In yet another mass shooting in Khayelitsha, three people were brutally gunned down in Site C on Saturday night.
The shooting on the corner of Nyebelele and Ntango streets, follows a string of shootings in the area, two of which happened in March.
The first took place in the early morning of Monday March 14 when four men and one woman were shot dead in New Monwabisi Park. This was followed by another massacre less than a week later – on Sunday March 20 – when six young people were killed in Enkanini.
On Sunday May 8, another six people died in a shooting in Site C.
Two weeks later three members of the same family died in Ekuphumleni in Khayelitsha when armed men stormed their house just after 8pm on Sunday May 22. Police say they fired several shots, killing two men and a woman.
In Saturday’s incident, the victims, aged 34, 36 and 50 were shot dead around 8.30pm, and in unrelated incidents, two people in their 30s were killed in Makhaza and Harare.
And when provincial police commissioner Lieutenant-General Thembisile Patekile and MEC for Community Safety and Police Oversight Regan Allen, were on their way to visit the crime scenes on Sunday afternoon, they were confronted with scenes of mob justice in which a 27-year-old man had been stripped naked, his hands tied with wire, and his body badly beaten.
He had been accused of stealing a battery from a taxi but was rescued by police officers and taken to Khayelitsha Hospital.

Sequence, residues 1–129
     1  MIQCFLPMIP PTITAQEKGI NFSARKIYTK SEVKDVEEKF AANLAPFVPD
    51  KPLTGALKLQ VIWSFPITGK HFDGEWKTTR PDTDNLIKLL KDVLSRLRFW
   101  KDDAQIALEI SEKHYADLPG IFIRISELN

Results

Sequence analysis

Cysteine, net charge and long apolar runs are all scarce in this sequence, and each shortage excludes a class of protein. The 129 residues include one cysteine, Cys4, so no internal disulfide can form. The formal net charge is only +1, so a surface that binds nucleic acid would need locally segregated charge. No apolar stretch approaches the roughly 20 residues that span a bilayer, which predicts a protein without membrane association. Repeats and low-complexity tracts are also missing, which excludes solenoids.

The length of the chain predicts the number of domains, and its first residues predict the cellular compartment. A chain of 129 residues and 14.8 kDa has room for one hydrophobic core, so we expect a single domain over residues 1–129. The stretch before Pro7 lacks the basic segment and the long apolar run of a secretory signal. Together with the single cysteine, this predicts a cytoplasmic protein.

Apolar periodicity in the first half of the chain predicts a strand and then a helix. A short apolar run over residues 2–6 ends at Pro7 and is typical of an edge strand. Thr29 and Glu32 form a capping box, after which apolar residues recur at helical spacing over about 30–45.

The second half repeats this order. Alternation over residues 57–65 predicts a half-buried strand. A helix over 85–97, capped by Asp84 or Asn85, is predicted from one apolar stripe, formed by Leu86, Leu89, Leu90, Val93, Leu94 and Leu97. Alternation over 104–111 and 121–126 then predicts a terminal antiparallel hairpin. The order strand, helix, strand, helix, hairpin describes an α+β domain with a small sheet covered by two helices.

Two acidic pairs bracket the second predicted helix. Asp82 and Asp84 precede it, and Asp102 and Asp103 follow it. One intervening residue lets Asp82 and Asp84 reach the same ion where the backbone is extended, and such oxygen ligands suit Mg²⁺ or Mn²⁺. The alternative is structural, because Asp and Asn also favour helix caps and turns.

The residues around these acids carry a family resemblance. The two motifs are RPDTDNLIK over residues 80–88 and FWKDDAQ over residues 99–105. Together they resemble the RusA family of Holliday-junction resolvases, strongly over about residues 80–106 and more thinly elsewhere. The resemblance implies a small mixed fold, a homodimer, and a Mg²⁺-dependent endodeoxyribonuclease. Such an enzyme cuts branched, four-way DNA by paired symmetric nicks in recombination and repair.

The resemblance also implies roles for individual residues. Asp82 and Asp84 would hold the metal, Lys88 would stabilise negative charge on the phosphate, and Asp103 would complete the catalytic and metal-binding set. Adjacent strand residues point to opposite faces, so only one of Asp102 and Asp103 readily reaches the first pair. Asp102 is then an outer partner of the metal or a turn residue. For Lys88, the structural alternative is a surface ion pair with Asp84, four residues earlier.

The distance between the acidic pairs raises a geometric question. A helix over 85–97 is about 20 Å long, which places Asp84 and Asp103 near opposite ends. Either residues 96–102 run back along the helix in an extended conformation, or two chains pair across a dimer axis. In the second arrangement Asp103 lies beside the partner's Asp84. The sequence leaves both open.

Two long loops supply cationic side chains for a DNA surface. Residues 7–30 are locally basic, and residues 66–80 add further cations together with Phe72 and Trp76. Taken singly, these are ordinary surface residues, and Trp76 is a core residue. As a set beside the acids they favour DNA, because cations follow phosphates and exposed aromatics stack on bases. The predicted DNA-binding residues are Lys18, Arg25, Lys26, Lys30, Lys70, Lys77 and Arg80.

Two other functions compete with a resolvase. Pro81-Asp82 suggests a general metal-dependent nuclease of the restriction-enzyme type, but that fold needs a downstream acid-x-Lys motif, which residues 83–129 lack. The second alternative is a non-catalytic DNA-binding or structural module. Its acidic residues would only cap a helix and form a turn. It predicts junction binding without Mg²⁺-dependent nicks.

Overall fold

Lieutenant-General Pathekile said while the motive for the shooting had not yet been established, from their experience with similar cases, it was likely to be related to extortion, drugs, gang turf, or taxi violence.
He added that while SAPS’ relationship with the community could be improved, they had made a number of arrests as a result of tip-offs from the community.
However, he said, load shedding was currently making the job of SAPS more difficult.
“Load shedding does make our job quite difficult because some areas do not have street lights and you can only see where you are working and at times we are struggling even if there are lights. And criminals know when the lights are going off.
“Around this area there were about nine vehicles that were patrolling on Saturday. I believe that the relationship between us and the community needs to be improved.
“I mean now we just bumped into community mob justice and the community did not even give us blankets to cover him,” he said.
Lieutenant-General Pathekile said it was critical that the community got together to fight crime constructively, and emphasised that rather than taking the law into their own hands, residents should report crime and criminals to SAPS.
Mr Regan said the killings had left the community shocked and angry and that they were working towards making Khayelitsha a safe community.
“I must say that the recent killings in Khayelitsha show how brazen criminals are. We have (been informed) in our briefings that there was enough manpower, resources during the incident.
“Since March this year, we have received (information) that there have 30 plus killings which occurred during mass shootings,” he said.
Khayelitsha Development Forum chairperson, Ndithini Tyhido, said the were really disturbed by the brazenness of some of those involved in the mass shootings.
He said it was a problem when, in some parts of the country, there are police in senior management positions who are accused of working with criminals.